From the November, 1942 WQXR Program Guide.
We take pleasure in presenting another article from the pen of America's outstanding popularizer of good music, Dr. Sigmund Spaeth. He last appeared in these columns with a strong plea for the American composer. This time he takes up the cause of the interpreting artist, whose work is of such importance in the fields of radio and records alike. Dr. Spaeth recently began a new series of programs over Station WQXR, sponsored by the Columbia Recording Corporation. These broadcasts are heard every Tuesday, Thursday and Saturday evening from 7:30 to 8 o'clock under the title of "Dr. Sigmund Spaeth and His Record Library." The detailed programs for November will be found in this issue.
The interpreters of great music are not like lilies of the field. They toil ceaselessly in the service of their art, and there is real labor involved in the spinning of their seemingly magic tonal web. Consider them frankly and sincerely in relation to the composers whose creative genius they make intelligible, as well as the public whose responsive appreciation is needed to complete the musical triangle.
It may seem strange and perhaps unnecessary to draw attention to the importance of the interpreter, for we Americans have often been accused of glorifying the performers of music, the singers, the instrumental soloists and orchestra conductors, at the expense of the music itself. We have been called prima donna worshipers, and there still is a widespread suspicion that "name value" and clever publicity mean more to American listeners than the greatest of creative inspirations.
Perhaps there was a time when "temperament" and "personality" were passwords in the camps of concert and opera. Eccentricities of behavior and appearance were doubtless given some significance in the past, and "glamour" still persists in the vocabulary of the press agent. But today, the educated American music-lover demands something more than the headlines of well-built reputations. He insists on musical proof of the abilities of famous artists and he makes up his own mind as to how far their reputations are deserved.
Phonograph records and radio broadcasts have in recent years given the interpreter of music an importance almost equal to that of the composer himself. Granting that the music itself would not exist except through the interpreter. If the colors of the sunset achieve reality only when there are human eyes to enjoy them, then certainly the tones of music, represented by the notes written or printed on paper, become significant only when they have been made audible to human ears.
There may be some music which is so obvious in its appeal, so completely "self-playing," that the interpretation makes little or no difference. Conversely, there are interpretive artists whose skill is such that even the most commonplace sequence of tones will acquire beauty in their hands. But these are the exceptions, not the rule.
Modern standards of musical taste demand of the virtuoso and the prima donna not only that their material be worth hearing, but that its performance shall emphasize and perhaps enhance the value of the composition that is interpreted. The up-to-date listener has too many opportunities for comparison to be satisfied with merely adequate interpretations of great music. He has found out for himself that there is a real reason for the solid fame of recognized conductors, pianists, violinists, cellists and singers, as well as the major symphony orchestras and various other instrumental and vocal ensembles of reputation.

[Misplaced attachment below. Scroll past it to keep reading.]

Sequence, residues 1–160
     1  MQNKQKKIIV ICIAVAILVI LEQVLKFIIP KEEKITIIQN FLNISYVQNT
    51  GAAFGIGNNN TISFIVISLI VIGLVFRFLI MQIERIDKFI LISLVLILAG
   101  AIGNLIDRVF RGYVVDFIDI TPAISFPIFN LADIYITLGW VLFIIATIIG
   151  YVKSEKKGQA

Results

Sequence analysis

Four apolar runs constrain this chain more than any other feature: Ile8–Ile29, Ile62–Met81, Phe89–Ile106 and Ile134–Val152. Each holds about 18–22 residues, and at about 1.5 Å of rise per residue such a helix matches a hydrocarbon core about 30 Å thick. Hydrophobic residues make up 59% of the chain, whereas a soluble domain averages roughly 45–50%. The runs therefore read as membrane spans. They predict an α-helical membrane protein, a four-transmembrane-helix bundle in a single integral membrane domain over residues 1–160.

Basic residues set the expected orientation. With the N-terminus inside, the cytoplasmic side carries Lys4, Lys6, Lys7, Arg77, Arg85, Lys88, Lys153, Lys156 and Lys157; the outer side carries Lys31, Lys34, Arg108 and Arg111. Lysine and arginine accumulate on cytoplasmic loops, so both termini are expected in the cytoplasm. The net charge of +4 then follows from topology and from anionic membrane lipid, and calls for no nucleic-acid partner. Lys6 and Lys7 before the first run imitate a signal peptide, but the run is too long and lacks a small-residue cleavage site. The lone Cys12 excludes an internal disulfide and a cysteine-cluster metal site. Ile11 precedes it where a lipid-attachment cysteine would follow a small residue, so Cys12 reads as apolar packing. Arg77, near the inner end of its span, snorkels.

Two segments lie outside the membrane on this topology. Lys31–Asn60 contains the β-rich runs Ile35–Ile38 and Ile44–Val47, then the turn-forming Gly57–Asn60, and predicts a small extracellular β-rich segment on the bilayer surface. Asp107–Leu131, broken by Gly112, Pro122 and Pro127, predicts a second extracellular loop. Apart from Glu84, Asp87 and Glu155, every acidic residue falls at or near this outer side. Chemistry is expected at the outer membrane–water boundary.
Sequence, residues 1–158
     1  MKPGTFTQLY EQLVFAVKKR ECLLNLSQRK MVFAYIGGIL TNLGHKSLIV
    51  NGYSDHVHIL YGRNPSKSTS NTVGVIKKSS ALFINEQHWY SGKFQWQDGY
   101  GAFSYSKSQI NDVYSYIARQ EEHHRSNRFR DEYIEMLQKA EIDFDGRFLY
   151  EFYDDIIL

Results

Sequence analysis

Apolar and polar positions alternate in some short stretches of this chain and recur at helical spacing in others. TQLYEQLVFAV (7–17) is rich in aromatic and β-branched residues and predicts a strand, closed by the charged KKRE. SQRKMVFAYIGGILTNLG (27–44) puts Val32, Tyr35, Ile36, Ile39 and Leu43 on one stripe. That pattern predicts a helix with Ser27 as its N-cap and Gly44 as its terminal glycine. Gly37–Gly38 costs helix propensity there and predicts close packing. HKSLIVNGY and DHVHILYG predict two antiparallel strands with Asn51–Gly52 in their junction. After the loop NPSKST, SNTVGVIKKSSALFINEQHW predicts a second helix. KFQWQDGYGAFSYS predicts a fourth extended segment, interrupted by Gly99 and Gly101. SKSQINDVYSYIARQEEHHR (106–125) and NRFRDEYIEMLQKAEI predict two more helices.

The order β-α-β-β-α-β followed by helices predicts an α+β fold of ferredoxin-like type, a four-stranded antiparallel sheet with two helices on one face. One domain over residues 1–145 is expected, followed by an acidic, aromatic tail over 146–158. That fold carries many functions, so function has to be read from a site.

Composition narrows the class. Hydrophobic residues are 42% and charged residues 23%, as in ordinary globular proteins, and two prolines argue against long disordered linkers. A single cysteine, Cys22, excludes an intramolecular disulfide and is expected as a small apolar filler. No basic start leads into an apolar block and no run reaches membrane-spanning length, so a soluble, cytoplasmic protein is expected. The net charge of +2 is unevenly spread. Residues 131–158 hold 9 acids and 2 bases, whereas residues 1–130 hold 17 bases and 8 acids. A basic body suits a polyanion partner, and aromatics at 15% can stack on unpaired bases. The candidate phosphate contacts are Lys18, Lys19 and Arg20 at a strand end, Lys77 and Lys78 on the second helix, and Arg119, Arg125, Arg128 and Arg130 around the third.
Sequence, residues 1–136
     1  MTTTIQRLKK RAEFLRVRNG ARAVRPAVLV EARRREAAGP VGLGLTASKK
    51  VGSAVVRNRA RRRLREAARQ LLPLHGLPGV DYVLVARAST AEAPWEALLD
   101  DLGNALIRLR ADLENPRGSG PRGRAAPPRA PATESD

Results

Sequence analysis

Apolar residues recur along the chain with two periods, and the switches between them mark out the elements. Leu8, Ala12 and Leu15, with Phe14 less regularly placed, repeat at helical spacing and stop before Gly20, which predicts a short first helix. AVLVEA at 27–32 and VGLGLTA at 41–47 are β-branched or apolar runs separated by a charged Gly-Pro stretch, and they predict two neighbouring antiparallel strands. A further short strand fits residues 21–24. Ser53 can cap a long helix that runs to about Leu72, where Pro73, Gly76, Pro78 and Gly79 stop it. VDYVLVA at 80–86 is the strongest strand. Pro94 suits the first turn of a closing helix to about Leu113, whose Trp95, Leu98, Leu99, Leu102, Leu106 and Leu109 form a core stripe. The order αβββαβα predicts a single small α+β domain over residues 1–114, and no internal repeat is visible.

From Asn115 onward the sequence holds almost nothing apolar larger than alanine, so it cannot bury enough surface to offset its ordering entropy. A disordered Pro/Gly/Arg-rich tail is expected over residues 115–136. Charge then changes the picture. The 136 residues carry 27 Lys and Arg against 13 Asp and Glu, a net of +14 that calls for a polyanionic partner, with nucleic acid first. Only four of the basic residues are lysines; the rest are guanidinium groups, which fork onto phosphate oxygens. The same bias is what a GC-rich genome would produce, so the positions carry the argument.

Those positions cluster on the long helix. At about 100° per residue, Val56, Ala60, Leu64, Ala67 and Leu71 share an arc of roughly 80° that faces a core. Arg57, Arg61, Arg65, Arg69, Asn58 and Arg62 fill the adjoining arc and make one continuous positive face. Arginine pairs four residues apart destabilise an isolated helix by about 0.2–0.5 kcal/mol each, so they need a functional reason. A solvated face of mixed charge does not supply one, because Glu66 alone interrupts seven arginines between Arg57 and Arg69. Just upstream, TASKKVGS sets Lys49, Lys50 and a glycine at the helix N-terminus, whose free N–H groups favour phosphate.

The manufacturers of phonograph records and the managers of artists are well aware of this. When they deal with the great names of music, they know that they are offering something more than a well-advertised product. They are actually submitting to connoisseurs a better or at least a more interesting and individual performance than is to be found in the average, routine interpretation.
An orchestra like the New York Philharmonic-Symphony Society represents far more than the prestige of a century of existence. There is an actual quality of tone and a technical mastery clearly apprehended even by listeners who might be totally unaware of the orchestra's reputation. The musicianship of a Bruno Walter or a Fritz Reiner asserts itself even when such a conductor is invisible, and the excitement of a performance under the baton of a Beecham, a Mitropoulos or a Rodzinski is imparted to the microphone as unerringly as it would be to the actual audience in a concert hall.
Consider therefore the interpreter of music and give him his due, for without his labors the vineyards of composition would be barren indeed. Consider not only the enormous talent but the sheer drudgery that goes into the preparation and performance of a single work, particularly in the orchestral field. Consider the endless detail of rehearsal and the myriad mechanical problems of recording and broadcasting.
When you hear the finest records broadcast over station WQXR, you are not only getting the ideal performance by each interpreter, perfected in the recording studio before it is released to the public; you are given what is even more important--the chance to compare one interpretation with another, to differentiate between legitimate individuality and mere eccentricity, and to discover for yourself the things that are enduring and inviolable in the creation and presentation of great music.